What is the problem?
The approach to science and engineering education in African universities is yet to adopt a focus on problem solving, innovation and creativity. Furthermore standards in these tertiary institutions have retrogressed due to severe neglect and lack of investment. Curricular and assessment methods have not adopted practices that encourage critical thinking, open ended problem solving and creativity, rather they are still built around teacher-centered lecture rooms that focus on information acquisition, memorization and regurgitation at closed book examination. Consequently, these academic institutions have not produced science and engineering graduates needed by industry to add value.
The overarching goal of MIT-ETT is to facilitate the development of young African faculty leadership in science and engineering education who will introduce innovation and creativity into science and engineering curricular. There are two main objectives of the MIT-ETT program: to provide young African professors with exposure to cutting-edge pedagogical methods in the highest-rated engineering and science departments in the U.S. and to provide American faculty who have a deep interest in connecting with those in their disciplines in emerging economies a concrete means of engagement.
In an attempt to address the problems articulated above, MIT established the MIT-Empowering the Teachers (MIT-ETT) Program lead by Professor Akintunde Ibitayo Akinwande (EECS). The program invites young, brilliant and upcoming African academics, who recently completed their doctoral degree, to spend an intensive and inclusive semester at MIT in a bid to understudy the mode (& dynamics) of curricula development and content delivery at MIT. The aim is to facilitate in African institutions improved teaching content development that is geared towards (1) students-centered content delivery (2) problem solving and (3) creativity. This amongst other things will result in the development new courses and the modification of existing curricula to ones that are geared towards critical thinking, open ended problem solving and hands-on design but also promote innovation and creativity. While at MIT, these African academics developed new course content for their home universities which are consistent with the objectives of developing these skills in their students.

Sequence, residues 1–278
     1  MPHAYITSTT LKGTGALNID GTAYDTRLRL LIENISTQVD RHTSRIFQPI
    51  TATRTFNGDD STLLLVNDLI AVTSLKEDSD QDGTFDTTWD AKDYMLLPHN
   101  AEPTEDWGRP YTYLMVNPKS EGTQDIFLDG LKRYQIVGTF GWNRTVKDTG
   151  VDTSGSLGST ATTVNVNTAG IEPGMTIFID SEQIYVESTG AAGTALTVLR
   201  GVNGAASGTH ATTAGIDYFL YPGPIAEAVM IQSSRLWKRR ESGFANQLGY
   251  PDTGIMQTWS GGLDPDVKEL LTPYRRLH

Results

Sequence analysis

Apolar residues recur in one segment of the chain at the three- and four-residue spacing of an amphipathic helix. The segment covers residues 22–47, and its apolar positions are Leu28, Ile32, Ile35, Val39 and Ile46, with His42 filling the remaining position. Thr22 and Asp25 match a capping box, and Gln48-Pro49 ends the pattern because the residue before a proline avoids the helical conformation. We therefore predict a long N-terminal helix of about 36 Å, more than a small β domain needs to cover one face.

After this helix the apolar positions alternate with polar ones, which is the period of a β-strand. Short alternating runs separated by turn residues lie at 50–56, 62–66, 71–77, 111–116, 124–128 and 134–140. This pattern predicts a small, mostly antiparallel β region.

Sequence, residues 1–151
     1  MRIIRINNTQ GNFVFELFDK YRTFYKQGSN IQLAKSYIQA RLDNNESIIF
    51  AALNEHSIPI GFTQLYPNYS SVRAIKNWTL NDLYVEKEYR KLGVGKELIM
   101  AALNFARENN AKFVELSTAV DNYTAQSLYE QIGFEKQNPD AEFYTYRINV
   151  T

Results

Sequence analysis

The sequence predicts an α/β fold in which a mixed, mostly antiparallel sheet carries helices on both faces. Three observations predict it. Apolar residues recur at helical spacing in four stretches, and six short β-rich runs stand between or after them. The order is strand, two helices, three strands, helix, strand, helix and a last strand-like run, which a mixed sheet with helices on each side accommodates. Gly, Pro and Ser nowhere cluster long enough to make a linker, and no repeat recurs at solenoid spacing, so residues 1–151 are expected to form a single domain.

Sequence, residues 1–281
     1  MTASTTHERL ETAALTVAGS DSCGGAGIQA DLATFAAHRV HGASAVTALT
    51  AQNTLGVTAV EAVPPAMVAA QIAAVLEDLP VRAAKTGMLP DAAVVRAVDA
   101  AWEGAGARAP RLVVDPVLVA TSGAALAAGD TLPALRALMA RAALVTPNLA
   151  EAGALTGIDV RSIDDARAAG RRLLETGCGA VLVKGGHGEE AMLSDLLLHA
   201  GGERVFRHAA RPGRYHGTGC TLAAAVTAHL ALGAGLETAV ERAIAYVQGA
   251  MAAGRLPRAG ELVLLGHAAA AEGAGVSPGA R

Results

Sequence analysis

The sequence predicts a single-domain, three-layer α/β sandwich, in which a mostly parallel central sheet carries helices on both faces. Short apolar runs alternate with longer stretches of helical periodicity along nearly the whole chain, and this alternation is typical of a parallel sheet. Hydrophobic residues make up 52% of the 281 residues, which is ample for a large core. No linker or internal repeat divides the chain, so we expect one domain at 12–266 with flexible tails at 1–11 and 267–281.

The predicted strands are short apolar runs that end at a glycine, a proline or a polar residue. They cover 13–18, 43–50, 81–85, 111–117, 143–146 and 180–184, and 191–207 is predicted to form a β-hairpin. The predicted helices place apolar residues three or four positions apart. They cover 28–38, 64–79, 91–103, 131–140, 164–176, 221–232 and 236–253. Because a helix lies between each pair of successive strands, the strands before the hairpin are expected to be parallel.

During their semester at MIT, Fellows do the following:
- observe instruction in their own disciplines & subjects
- interact with MIT faculty teaching in their own disciplines & subjects
- develop courses based on problem-solving approach inspired by equivalent course at MIT
- discuss & explore curricular enrichment & reform through both formal and informal interaction with the MIT community
The ultimate goal is to reform their current curricular using new materials, approaches and methods that exemplify the best of MIT’s practices: problem-solving, student-centered, innovation and bringing knowledge to bear on the world’s greatest challenges.
Fall 2014 MIT-ETT Fellows
The MIT-ETT fellowship is a life changing experience with insights on how to improve my teaching and research. My teaching will now be student-centered with emphasis on problem-solving and hands-on tasks.The program has transformed my philosophy of how to teach. My teaching now must clearly set out the course intended learning outcomes and ensure that hands-on work and design projects are incorporated where possible.”
Dr. Ibrahim ADEYANJU, Ladoke Akintola University of Technology, Ogbomoso, Oyo State, Nigeria
The uniqueness of the MIT-ETT program is derived from the fact that exposure of faculty from Africa to the problem solving approach used in MIT in teaching and research can be translated back to their respective universities. This result will be an increase in the quality of graduates who will be problem solvers and entrepreneurial which will positively impact the economies of their home countries.
Dr. Michael Lubwama, Makerere University, Kampala, Uganda
This program is important because it empowers faculty to adapt teaching strategies that will enable graduates from African countries to be competitive at the World stage, impact the economies of this countries in the long run and subsequently empower Africans solve their own problems as a result of the problem solving approach adoption in Universities.
Dr. Fred Kiwanuka, Makerere University, Kampala, Uganda
My main take away message from MIT is “developing intuitive ability, critical thinking and problem solving skills in my students.”
Dr. Idehai Ohijeagbon, University of Ilorin, Nigeria